Lesnoi says they are fighting the result, not the cause of the problem: "There is no legal prohibition on the use of tires as ship fenders. Although there are eco-friendly alternatives, and quite inexpensive, even taking into account the Finnish production. The Finns make hollow fenders out of elastic PVC that do not sink. They cost from 2,500 to 5,000 rubles [$35-$70], depending on the size.
"However, the entire commercial fleet in Russia uses destructive tires. This is mainly the old fleet left over from the Soviet times, bought up by private traders. There should be a law that obliges them to use safe fenders."
"We began to communicate with the regional officials, who will be able to promote it on the federal level. They supported us in words, but that's all for now. Today, all of our meetings with state officials end with bureaucratic red tape -- papers, reports. So we prefer to just get in the car, and go and do it," he says.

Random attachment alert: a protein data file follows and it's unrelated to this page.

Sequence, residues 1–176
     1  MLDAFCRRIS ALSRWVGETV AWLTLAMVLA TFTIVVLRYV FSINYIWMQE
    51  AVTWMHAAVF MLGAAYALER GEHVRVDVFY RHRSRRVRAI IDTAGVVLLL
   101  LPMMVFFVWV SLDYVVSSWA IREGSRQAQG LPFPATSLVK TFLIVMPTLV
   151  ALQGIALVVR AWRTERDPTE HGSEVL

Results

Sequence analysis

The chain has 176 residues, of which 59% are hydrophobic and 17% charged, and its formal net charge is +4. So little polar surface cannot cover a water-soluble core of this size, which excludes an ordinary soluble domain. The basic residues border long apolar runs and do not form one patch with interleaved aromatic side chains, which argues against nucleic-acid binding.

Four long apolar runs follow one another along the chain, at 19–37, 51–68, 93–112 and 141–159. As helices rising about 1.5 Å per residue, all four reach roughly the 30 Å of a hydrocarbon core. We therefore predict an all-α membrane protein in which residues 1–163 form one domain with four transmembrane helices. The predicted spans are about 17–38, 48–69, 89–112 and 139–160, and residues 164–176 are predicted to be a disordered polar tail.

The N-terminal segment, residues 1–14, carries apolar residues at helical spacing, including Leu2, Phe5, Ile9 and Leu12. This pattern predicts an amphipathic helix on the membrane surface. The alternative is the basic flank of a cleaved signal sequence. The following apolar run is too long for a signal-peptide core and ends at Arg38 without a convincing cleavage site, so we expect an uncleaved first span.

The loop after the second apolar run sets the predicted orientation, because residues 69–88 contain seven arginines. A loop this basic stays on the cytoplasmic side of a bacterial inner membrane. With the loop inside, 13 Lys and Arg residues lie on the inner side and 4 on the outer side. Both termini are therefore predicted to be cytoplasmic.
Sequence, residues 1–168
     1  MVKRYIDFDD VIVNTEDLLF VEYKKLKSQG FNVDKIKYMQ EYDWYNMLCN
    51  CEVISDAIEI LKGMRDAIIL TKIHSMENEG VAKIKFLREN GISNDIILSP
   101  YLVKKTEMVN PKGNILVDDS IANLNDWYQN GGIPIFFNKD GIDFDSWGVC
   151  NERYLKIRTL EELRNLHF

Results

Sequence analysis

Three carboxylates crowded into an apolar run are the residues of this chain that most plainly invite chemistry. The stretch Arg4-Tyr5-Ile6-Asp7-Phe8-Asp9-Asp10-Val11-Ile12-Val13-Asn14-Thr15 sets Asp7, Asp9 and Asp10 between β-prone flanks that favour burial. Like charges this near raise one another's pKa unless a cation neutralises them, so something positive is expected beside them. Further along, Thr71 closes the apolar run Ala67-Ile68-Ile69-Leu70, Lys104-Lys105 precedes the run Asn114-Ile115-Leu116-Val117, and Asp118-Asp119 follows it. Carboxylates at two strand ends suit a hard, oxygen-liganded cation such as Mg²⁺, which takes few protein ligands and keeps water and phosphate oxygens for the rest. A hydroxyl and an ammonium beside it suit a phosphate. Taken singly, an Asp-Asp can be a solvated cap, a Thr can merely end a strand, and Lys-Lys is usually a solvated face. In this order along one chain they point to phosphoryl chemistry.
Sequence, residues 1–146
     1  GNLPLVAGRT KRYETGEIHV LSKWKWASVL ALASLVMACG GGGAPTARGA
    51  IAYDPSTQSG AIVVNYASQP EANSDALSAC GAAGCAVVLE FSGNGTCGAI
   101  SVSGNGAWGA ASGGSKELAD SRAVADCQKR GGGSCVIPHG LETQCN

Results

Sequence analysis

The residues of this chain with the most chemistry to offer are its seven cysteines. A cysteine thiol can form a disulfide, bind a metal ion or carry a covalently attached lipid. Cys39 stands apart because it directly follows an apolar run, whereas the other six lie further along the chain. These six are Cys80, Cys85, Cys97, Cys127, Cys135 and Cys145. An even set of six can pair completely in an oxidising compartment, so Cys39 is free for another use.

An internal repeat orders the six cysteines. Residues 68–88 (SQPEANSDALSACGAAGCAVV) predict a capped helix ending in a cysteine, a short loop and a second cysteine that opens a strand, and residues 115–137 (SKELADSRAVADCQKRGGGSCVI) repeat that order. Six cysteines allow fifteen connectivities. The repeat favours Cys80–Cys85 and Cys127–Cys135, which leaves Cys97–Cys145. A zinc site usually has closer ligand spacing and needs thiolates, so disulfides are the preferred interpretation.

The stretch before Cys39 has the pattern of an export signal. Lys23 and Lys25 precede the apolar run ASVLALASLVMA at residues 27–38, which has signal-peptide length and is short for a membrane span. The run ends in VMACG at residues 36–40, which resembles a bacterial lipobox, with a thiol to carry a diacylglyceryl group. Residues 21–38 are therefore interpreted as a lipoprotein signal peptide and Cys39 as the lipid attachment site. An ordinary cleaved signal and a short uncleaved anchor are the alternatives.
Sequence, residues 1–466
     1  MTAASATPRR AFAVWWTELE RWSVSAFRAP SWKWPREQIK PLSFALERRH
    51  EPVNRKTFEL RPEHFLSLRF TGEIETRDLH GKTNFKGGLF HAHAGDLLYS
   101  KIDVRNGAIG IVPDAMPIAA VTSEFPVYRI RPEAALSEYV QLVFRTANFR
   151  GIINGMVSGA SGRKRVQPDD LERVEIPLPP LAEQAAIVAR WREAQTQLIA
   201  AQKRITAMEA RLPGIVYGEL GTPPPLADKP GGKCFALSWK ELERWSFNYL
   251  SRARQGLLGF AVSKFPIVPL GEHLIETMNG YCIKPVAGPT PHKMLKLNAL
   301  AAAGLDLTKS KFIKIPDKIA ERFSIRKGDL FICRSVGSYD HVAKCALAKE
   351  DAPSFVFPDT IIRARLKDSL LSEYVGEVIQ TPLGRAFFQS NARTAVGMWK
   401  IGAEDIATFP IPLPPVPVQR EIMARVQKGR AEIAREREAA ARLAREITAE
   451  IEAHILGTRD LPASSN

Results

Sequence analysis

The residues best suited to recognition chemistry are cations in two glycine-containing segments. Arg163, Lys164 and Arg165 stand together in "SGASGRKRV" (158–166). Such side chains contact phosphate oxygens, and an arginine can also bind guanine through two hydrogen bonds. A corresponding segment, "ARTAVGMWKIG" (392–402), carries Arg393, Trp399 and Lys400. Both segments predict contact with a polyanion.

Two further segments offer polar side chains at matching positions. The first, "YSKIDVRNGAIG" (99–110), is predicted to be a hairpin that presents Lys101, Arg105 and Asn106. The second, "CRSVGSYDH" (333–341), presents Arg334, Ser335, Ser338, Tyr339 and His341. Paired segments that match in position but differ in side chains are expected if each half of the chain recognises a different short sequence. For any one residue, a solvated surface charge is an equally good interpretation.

Before cleaning tires out of Baikal, Lesnoi was known for other envirnmental projects, such as cleaning the marble quarry in Buguldeika, or cleaning the banks of the Irkutsk reservoir, which is located on the Angara River, which drains Lake Baikal.
"It was strategically important to clean the shore of the reservoir," Lesnoi says. "About 100 tons of tires were removed from it. Moreover, these tires were clogged with soil, which had to be knocked out -- each one took approximately 40 minutes."
Lesnoi says there are many tourists coming to Lake Baikal despite the pollution. "There is no problem with tourists, they come to Baikal in large numbers," he says. "I just think that the infrastructure should be more modern. And I can understand that the management of the nature reserve does not have enough resources for it."